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12/01/2019 / By Edsel Cook
Thermoelectric power plants provide a third of America’s electrical generation, and the combination of aging technologies, droughts, and strict environmental regulations is likely to sharply reduce the energy output. To prevent this, researchers recommend replacing the once-through cooling systems of the aging power plants with drought-resistant recirculating models.
Their study countered the calls by some groups to get rid of the restrictions and allow the power plants to use as much water as they need. Instead, Duke University researchers said that recirculating cooling systems would ensure reliable electricity while also protecting the bodies of water that provide coolant for the plants.
Their study noted that the end of the 21st century may see droughts that would decrease the flow of rivers and increase the heat of surface waters. These changes would reduce the generation capacity and might cause shutdowns when the water levels drop below the intakes, preventing the power plants from getting coolant. As a result, thermoelectric power plants with once-through cooling systems would generate much less electricity.
Worse, many more shutdowns and capacity reductions would come from complying with certain environmental regulations. For one, the rules restrict the amount of water that a power plant might use. They also put a limit on the maximum temperature of expended cooling water discharged by the facilities. (Related: Human intervention has made forests less resistant to drought, pests, wildfire.)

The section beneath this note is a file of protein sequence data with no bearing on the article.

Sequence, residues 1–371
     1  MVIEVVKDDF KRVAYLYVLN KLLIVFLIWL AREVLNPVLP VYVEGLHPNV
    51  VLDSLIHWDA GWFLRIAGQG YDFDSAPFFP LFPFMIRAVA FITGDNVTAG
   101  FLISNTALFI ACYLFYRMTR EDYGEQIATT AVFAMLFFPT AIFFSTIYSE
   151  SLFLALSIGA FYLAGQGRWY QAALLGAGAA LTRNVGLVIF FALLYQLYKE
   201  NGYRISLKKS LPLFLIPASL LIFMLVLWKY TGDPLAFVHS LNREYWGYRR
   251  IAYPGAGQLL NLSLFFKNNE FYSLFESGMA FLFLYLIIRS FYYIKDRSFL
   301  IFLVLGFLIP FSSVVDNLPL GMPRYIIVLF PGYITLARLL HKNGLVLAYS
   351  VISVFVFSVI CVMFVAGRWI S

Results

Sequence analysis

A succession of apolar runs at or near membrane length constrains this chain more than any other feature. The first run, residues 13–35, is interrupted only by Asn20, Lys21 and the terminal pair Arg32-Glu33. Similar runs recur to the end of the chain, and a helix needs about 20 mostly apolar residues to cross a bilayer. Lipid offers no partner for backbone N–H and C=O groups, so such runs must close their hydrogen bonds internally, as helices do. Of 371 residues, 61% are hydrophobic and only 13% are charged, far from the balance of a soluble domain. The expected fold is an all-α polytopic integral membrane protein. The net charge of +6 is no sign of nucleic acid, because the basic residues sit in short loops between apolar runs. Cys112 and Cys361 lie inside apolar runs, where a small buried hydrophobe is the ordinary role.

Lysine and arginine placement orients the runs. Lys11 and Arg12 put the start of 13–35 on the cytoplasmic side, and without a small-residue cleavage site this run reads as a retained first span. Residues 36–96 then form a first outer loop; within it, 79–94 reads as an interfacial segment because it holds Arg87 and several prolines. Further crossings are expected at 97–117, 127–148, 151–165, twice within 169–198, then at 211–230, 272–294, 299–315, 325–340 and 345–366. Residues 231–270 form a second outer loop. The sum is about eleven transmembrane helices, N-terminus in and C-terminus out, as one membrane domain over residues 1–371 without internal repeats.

“Fortunately, nearly all of these impacts could be mitigated by switching to recirculating cooling systems,” remarked Duke researcher Candise L. Henry regarding the effects of drought and regulations on U.S. power plants.
A thermoelectric power plant generates energy by heating water into steam and using it to spin a turbine. Afterward, it reduces the temperature of the steam with a cooling system.
Most plants use once-through cooling systems. They get cold water from a nearby lake or river, send the coolant through pipes that absorb heat from steam, and return the heated liquid to its source.
In comparison, a recirculating cooling system sends heated water to a cooling tower. Once there, the heat gets eliminated through evaporation.
A recirculating system does not dump the heated coolant into the body of water. It also consumes less water than once-through systems, since it only needs to replenish the liquid lost through evaporation.
Thanks to those characteristics, a power plant with a recirculating cooling system is less vulnerable to droughts and less affected by environmental restrictions.
Henry and her colleagues evaluated the operational and weather data of more than 50 Southeastern power plants with once-through cooling systems from 2007 to 2015. During this period, the region went through a period of severe droughts.
The Duke researchers examined hourly shifts in water temperatures and flow rates. Then, they determined how these changes affected the maximum output of the power plant.
Next, they ran the data through scenarios with varying temperatures and available water. They identified how much generating capacity got lost to rising water temperatures, diminished water flows, and compliance with environmental regulations, respectively.
Finally, the researchers drew from predicted trends of water warming and flows in the future. They calculated the effects of these factors on capacity loss at a power plant.
“Past studies bundled the impacts of drought, water temperatures and environmental regulation together,” observed Druke researcher Lincoln F. Pratson. “By pulling them apart, we gain a much clearer picture of what the big threats will be and what we can do to mitigate them.”
Pratson and Henry urged power plant operators to take steps to reduce the effect of drought on energy production. Recirculating cooling systems offered one way of ensuring a stable and uninterrupted supply of electricity.
Tagged Under: cooling system, droughts, electricity, energy generation, energy supply, environment, power grid, power plants, power supply, rainfall, science and technology, thermoelectric generator, thermoelectricity, U.S. power plant, water
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